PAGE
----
Richard Y. Chen

Department of Statistics, University of Chicago, PhD candidate

Broadly speaking, Richard’s main research efforts are statistical methodology and theory of time series analysis. Driven by a surge of low-latency data from the deluging TAQ database, his research focuses on nonparametric statistics of hidden Ito semimartingales, including noisy diffusions and Levy processes to model and analyze financial data. Previously, with Professor Per A. Mykland, he published a work investigating the impact of non-stationary microstructure noise on two-time scale realized volatility estimator (TSRV), proposing asymptotically powerful statistical tests, and found new evidence on noise non-stationarity in NYSE S&P 500 components. Recently, he worked on volatility functional inference using noisy data, motivated by their important applications in measuring economic risks and testing econometric models, e.g., factor analysis, estimating betas, generalized method of integrated moments. In particular, by combining the strengths of two strands of fundamental works, Jacod et al. (2009, 2010) and Jacod, Rosenbaum (2013), a new inferential framework has been developed with time-domain noise dilution, jump truncation, and correction for high-order nonlinearity biases, enables applications harvesting data at a higher frequency than previous literature allows.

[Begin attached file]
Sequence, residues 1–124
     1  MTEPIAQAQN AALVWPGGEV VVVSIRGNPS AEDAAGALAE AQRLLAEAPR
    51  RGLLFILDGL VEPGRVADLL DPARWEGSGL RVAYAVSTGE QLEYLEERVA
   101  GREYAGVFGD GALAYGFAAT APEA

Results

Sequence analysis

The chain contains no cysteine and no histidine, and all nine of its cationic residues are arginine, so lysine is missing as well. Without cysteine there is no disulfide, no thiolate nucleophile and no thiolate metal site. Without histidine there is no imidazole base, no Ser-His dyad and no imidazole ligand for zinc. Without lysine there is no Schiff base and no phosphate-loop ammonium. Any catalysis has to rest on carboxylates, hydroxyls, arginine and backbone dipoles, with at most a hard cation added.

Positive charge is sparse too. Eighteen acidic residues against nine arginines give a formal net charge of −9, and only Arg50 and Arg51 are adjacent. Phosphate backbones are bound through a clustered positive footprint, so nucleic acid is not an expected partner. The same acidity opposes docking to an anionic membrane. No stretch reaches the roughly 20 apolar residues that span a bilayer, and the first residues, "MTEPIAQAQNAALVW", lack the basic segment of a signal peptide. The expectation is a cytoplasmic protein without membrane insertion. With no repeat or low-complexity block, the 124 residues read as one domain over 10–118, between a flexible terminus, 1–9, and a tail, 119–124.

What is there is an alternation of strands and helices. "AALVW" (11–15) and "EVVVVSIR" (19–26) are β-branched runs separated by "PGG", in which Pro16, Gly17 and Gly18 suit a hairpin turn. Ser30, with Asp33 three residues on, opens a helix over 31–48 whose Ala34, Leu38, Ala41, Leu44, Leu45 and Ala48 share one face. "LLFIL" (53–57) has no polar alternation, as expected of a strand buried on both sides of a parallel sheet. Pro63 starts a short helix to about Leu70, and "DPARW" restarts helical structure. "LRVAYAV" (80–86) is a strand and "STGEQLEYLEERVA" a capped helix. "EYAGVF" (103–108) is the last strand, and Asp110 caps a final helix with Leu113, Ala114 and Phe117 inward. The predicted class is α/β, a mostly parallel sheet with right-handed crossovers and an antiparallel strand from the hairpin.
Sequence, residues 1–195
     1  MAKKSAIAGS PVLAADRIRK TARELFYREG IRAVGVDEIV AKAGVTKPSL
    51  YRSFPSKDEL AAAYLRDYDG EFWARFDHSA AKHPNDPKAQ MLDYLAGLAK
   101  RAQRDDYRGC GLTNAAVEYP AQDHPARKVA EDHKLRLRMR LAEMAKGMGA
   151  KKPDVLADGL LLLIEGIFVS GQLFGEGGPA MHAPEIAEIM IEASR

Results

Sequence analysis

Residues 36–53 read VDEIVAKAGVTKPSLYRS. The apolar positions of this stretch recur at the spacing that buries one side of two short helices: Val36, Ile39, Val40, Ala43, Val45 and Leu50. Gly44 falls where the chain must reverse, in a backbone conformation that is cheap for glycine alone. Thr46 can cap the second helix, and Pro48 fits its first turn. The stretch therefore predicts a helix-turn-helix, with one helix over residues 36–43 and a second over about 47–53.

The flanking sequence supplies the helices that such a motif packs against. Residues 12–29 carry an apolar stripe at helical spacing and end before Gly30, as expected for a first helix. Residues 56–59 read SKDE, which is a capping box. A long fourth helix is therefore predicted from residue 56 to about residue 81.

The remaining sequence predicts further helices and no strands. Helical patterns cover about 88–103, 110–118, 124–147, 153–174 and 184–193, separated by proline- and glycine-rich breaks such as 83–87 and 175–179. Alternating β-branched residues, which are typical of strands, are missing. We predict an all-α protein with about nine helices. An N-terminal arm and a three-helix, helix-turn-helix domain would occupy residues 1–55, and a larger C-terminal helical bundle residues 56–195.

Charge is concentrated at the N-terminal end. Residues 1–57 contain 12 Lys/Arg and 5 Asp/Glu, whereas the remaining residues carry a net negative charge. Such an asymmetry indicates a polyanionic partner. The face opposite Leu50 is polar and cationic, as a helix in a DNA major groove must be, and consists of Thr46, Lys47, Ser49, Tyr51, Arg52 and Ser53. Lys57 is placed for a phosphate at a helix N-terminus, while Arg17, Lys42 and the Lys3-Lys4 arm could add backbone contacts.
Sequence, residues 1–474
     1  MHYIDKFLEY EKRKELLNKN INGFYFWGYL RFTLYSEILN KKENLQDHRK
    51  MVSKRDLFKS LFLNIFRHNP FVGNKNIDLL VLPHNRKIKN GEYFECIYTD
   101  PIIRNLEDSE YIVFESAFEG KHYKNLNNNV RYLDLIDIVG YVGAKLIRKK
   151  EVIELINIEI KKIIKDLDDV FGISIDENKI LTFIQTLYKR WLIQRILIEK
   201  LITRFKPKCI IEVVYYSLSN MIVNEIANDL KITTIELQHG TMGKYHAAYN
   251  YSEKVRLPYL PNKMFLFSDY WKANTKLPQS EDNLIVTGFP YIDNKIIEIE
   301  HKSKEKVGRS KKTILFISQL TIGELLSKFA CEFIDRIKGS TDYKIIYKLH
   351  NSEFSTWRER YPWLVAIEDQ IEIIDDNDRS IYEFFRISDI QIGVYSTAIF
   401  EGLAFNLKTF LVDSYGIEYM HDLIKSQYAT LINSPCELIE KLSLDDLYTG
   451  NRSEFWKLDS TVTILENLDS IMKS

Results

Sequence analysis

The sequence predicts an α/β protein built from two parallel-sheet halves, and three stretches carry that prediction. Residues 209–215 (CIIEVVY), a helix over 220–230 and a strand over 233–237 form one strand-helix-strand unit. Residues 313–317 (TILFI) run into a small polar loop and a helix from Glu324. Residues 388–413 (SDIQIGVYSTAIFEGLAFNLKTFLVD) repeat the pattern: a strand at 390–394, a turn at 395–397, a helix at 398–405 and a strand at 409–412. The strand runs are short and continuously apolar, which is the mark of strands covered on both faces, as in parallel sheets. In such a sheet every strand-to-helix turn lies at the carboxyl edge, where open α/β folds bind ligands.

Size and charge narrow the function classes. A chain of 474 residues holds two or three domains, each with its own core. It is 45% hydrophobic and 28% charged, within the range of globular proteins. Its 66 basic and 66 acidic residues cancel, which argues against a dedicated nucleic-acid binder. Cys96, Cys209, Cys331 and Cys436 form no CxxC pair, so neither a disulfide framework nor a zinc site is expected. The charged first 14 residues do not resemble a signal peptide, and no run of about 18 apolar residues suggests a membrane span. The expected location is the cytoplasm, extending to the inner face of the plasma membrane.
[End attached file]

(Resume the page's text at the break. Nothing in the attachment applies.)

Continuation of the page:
Around the time of this fellowship award, Richard Y. Chen works on an adaptive enhancement of volatility functionals for possible efficiency gain; Fourier-Malliavin type of methods combined with Ito calculus for measuring empirical properties of stochastic volatility, including spot volatility in time domain and possible frequency-domain perspectives.
Richard is a 2019 Stevanovich Fellowship recipient.